This process utilizes a Stirling engine, which can convert heat energy to kinetic energy effectively. By using solar heat to power the Stirling engine, it is feasible to receive electricity & hot water simultaneously.
The Wakasa Bay Energy Research Middle is doing R&D on a Stirling engine process powered by solar heat.
“This is an acrylic plastic lens. It is called a Fresnel lens, & it plays the role of a convex lens, focusing solar rays to a single point. In this way, the solar energy density is increased, raising the temperature to 500Â°C, to drive the Stirling engine. This process is designed to generate electricity at 12 V DC, so it can charge a battery directly.”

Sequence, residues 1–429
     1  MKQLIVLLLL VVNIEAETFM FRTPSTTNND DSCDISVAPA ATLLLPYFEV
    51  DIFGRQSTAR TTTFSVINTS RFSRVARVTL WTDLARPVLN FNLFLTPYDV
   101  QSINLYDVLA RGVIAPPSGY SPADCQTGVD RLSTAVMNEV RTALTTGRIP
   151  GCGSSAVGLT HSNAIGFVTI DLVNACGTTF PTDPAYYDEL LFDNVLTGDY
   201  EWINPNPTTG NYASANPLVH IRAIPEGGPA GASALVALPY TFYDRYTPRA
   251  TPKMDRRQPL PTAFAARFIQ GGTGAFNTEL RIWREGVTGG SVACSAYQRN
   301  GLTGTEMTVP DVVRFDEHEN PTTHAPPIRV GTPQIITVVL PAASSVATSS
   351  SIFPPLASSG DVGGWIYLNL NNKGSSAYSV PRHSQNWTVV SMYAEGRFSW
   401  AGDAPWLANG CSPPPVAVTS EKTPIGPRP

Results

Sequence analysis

“This process depends entirely on heat. In the coursework of the day, it generates electricity using sunlight, but because it makes use of a Stirling engine, at night, it can use biomass energy to generate electricity. It also makes use of chilled water to icy the engine, which provides hot water at 40Â°C, which can be used for showers & the like.”
From now on, the Middle aims to create a commercial process based on this prototype, reducing the cost by replacing some materials with aluminum & plastic.